Amacker v. BP Exploration & Production, Inc. et al, No. 2:2018cv09653 - Document 15 (E.D. La. 2019)

Court Description: ORDER AND REASONS: IT IS ORDERED that BP's motion for summary judgment (R. Doc. 13 ) is GRANTED, and this case is DISMISSED WITH PREJUDICE. Signed by Judge Barry W Ashe on 12/19/2019. (am)
Download PDF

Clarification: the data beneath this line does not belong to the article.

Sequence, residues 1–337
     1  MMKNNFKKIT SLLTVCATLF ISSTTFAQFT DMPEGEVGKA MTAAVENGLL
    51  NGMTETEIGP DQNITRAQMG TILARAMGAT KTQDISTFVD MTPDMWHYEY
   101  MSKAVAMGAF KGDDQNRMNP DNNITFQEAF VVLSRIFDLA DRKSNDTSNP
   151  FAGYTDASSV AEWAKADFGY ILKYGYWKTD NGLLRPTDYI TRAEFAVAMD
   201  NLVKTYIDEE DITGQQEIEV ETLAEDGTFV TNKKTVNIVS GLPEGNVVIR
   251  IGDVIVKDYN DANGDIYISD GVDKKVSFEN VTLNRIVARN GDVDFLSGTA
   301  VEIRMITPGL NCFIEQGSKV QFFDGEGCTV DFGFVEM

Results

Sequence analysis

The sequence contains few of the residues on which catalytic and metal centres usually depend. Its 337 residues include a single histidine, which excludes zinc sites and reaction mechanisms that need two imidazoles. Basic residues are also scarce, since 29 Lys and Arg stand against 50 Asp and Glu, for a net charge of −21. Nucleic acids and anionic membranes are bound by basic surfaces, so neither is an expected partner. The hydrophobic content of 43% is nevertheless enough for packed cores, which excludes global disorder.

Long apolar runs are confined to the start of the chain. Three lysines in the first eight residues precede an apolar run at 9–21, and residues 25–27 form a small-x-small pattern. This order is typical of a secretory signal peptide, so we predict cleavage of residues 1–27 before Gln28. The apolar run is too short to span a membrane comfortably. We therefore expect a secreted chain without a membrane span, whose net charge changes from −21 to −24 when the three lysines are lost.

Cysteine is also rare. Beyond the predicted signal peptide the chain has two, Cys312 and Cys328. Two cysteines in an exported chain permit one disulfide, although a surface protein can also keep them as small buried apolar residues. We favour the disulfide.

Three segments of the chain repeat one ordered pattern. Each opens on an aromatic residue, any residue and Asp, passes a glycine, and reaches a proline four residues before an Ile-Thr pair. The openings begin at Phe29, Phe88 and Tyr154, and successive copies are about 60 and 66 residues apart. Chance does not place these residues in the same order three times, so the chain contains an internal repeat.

Amacker v. BP Exploration & Production, Inc. et al Doc. 15 UNITED STATES DISTRICT COURT EASTERN DISTRICT OF LOUISIANA CRAIG LEIGHTON AMACKER CIVIL ACTION VERSUS NO. 18-9653 BP EXPLORATION & PRODUCTION INC. and BP AMERICA PRODUCTION COMPANY SECTION M (1) ORDER & REASONS Before the Court is a motion by defendants BP Exploration & Production Inc. and BP America Production Company (collectively, “BP”) for summary judgment.1 Plaintiff Craig Leighton Amacker did not file an opposition to the motion.2 Having considered BP’s memorandum, the record, and the applicable law, the Court finds that summary judgment dismissing Amacker’s suit is warranted because Amacker has not produced an expert report, which is required to prove his toxic-tort claim. I. BACKGROUND This toxic-tort case arises out of the Deepwater Horizon oil spill that occurred on April 20, 2010. On January 11, 2013, U.S. District Judge Carl J. Barbier, who presided over the multidistrict litigation arising out of the Deepwater Horizon incident, approved the Deepwater Horizon Medical Benefits Class Action Settlement Agreement (“MSA”). See Brown v. BP Expl. & Prod. Inc., 2019 WL 2995869, at *1 (E.D. La. July 9, 2019). The MSA includes a Back-End Litigation Option (“BELO”) that permits certain class members, such as clean-up workers who 1 R. Doc. 13. BP’s motion for summary judgment was noticed for submission on December 19, 2019. Local Rule 7.5 of the United States District Court for the Eastern District of Louisiana requires that a memorandum in opposition to a motion must be filed no later than eight days before the noticed submission date, which in this case was December 11, 2019. 2 Dockets.Justia.com follow procedures outlined in the MSA, to sue BP for later-manifested physical conditions (“LMPC”). Id. The MSA defines a LMPC as a: physical condition that is first diagnosed in a MEDICAL BENEFITS SETTLEMENT CLASS MEMBER after April 16, 2012, and which is claimed to have resulted from ... exposure to oil, other hydrocarbons, or other substances released from the MC252 WELL and/or the Deepwater Horizon and its appurtenances, and/or exposure to dispersants and/or decontaminants used in connection with the RESPONSE ACTIVITIES, where such exposure occurred on or prior to … April 16, 2012 for CLEAN-UP WORKERS. Id. Amacker alleges that he was exposed to “oil, other hydrocarbons, and other substances released from [the well], and other dispersants and decontaminants used” while he worked as a clean-up worker in response to the Deepwater Horizon oil spill.3 On May 19, 2014, Amacker was diagnosed with chronic damage to conjunctiva, reactive airways dysfunction syndrome, and chronic eczematous reaction at the site of contact.4 Amacker alleges that these medical conditions were “legally and proximately caused by his … exposure to the substances and chemicals involved in the Deepwater Horizon Incident.”5 BP does not dispute that Amacker was an oil-spill clean-up worker or that he is a member of the MSA class.6 BP also does not dispute that Amacker’s alleged conditions, diagnosed after April 16, 2012, fit within the MSA’s definition of a LMPC.7 Rather, BP argues that it is entitled to summary judgment because Amacker has not submitted an expert report and, thus, cannot prove that his alleged medical conditions were legally caused by his exposure to substances related to the Deepwater Horizon oil spill.8 3 R. Doc. 1 at 3. Id. 5 Id at 4. 6 See R. Doc. 13-1 at 1. 7 Id at 2. 8 Id. at 5-7. 4 2 II. LAW & ANALYSIS A. Summary Judgment Standard Summary judgment is proper “if the pleadings, depositions, answers to interrogatories, and admissions on file, together with the affidavits, if any, show that there is no genuine issue as to any material fact and that the moving party is entitled to a judgment as a matter of law.” Celotex Corp. v. Catrett, 477 U.S. 317, 322 (1986) (citing Fed. R. Civ. P. 56(c)). “Rule 56(c) mandates the entry of summary judgment, after adequate time for discovery and upon motion, against a party who fails to make a showing sufficient to establish the existence of an element essential to that party’s case, and on which the party will bear the burden of proof at trial.” Id. A party moving for summary judgment bears the initial burden of demonstrating the basis for summary judgment and identifying those portions of the record, discovery, and any affidavits supporting the conclusion that there is no genuine issue of material fact. Id. at 323. If the moving party meets that burden, then the nonmoving party must use evidence cognizable under Rule 56 to demonstrate the existence of a genuine issue of material fact. Id. at 324. A genuine issue of material fact exists if a reasonable jury could return a verdict for the nonmoving party. See Anderson v. Liberty Lobby, Inc., 477 U.S. 242, 248 (1996). The substantive law identifies which facts are material. Id. Material facts are not genuinely disputed when a rational trier of fact could not find for the nonmoving party upon a review of the record taken as a whole. See Matsushita Elec. Indus. Co. v. Zenith Radio Corp., 475 U.S. 574, 587 (1986); Equal Emp’t Opportunity Comm’n v. Simbaki, Ltd., 767 F.3d 475, 481 (5th Cir. 2014). “[U]nsubstantiated assertions,” “conclusory allegations,” and merely colorable factual bases are insufficient to defeat a motion for summary judgment. See Anderson, 477 U.S. at 249-50; Hopper v. Frank, 16 F.3d 92, 97 (5th Cir. 1994). In ruling on a summary judgment motion, a court may not resolve credibility issues or weigh evidence. See Delta & Pine Land Co. v. 3 Nationwide Agribusiness Ins. Co., 530 F.3d 395, 398-99 (5th Cir. 2008). Furthermore, a court must assess the evidence, review the facts, and draw any appropriate inferences based on the evidence in the light most favorable to the party opposing summary judgment. See Tolan v. Cotton, 572 U.S. 650, 656 (2014); Daniels v. City of Arlington, 246 F.3d 500, 502 (5th Cir. 2001). Yet, a court only draws reasonable inferences in favor of the nonmovant “when there is an actual controversy, that is, when both parties have submitted evidence of contradictory facts.” Little v. Liquid Air Corp., 37 F.3d 1069, 1075 (5th Cir. 1994) (citing Lujan v. Nat’l Wildlife Fed’n, 497 U.S. 871, 888 (1990)). After the movant demonstrates the absence of a genuine dispute, the nonmovant must articulate specific facts and point to supporting, competent evidence that may be presented in a form admissible at trial. See Lynch Props., Inc. v. Potomac Ins. Co. of Ill., 140 F.3d 622, 625 (5th Cir. 1998); Fed. R. Civ. P. 56(c)(1)(A) & (c)(2). Such facts must create more than “some metaphysical doubt as to the material facts.” Matsushita, 475 U.S. at 586. When the nonmovant will bear the burden of proof at trial on the dispositive issue, the moving party may simply point to insufficient admissible evidence to establish an essential element of the nonmovant’s claim in order to satisfy its summary judgment burden. See Celotex, 477 U.S. at 322-25; Fed. R. Civ. P. 56(c)(B). Unless there is a genuine issue for trial that could support a judgment in favor of the nonmovant, summary judgment must be granted. See Little, 37 F.3d at 1075-76. B. BP’s Motion for Summary Judgment Pursuant to the MSA, a plaintiff bringing a BELO lawsuit for a LMPC must prove the following elements: (i) The fact of the diagnosis, i.e. whether the class member was correctly diagnosed with the alleged LMPC; (ii) The amount and location of oil, other hydrocarbons, and other substances released from the MC252 Well and/or the Deepwater Horizon and its 4 appurtenances, and/or dispersants and/or decontaminants used in connection with the response activities and the timing thereof; (iii) The level and duration of the class member’s exposure to oil, other hydrocarbons, and other substances released from the MC252 Well and/or the Deepwater Horizon and its appurtenances, and/or dispersants and/or decontaminants used in connection with the response activities and the timing thereof; (iv) Whether the class member’s alleged LMPC was legally caused by his or her exposure to oil, other hydrocarbons and other substances released from the MC252 Well and/or the Deepwater Horizon and its appurtenances, and/or dispersants and/or decontaminants used in connection with the response activities; (v) Whether any alternative cause exists for the alleged later manifested physical condition; and (vi) The amount, if any, of compensatory damages to which the class member is entitled. Legros v. BP Am. Prod. Co., 2018 WL 4853713, at *2-3 (E.D. La. Oct. 5, 2018). Thus, although a BELO plaintiff need not prove liability to recover damages, he or she must prove that exposure to oil or other substances legally caused his or her physical condition. Id. at *3. Generally, “when the conclusion regarding medical causation is not one within common knowledge, expert medical testimony is required to prove causation.” Cibilic v. BP Expl. & Prod., 2017 WL 1064954, at *2 (E.D. La. Mar. 21, 2017) (quoting Lassiegne v. Taco Bell Corp., 202 F. Supp. 2d 512, 524 (E.D. La. 2002)). Expert testimony is required to establish causation in toxic-tort cases where “[s]cientific knowledge of the harmful level of exposure to a chemical, plus knowledge that the plaintiff was exposed to such quantities, are minimal facts necessary to sustain the plaintiffs’ burden” of proof. Seaman v. Seacor Marine, L.L.C., 326 F. App’x 721, 723 (5th Cir. 2009) (quoting Allen v. Pa. Eng’g Corp., 102 F.3d 194, 199 (5th Cir. 1996)). 5 The scheduling order in this case required Amacker to produce to BP his expert reports by November 4, 2019.9 To date, Amacker has not produced any expert reports to BP. The only evidence before the Court related to Amacker’s medical condition is his May 19, 2014 diagnosis by Dr. Dung Michael Tran. This document is insufficient to prove causation because it does not discuss the harmful levels of exposure for the chemicals at issue or the quantities of those chemicals to which Amacker was exposed while he worked cleaning up the oil spill.10 III. CONCLUSION Accordingly, for the foregoing reasons, IT IS ORDERED that BP’s motion for summary judgment (R. Doc. 13) is GRANTED, and this case is DISMISSED WITH PREJUDICE. New Orleans, Louisiana, this 19th day of December, 2019. ________________________________ BARRY W. ASHE UNITED STATES DISTRICT JUDGE 9 R. Doc. 12 at 3. Other courts have arrived at the same conclusion concerning similar reports by Dr. Tran in other BELO cases. See, e.g., Brown, 2019 WL 2995869, at *3. 10 6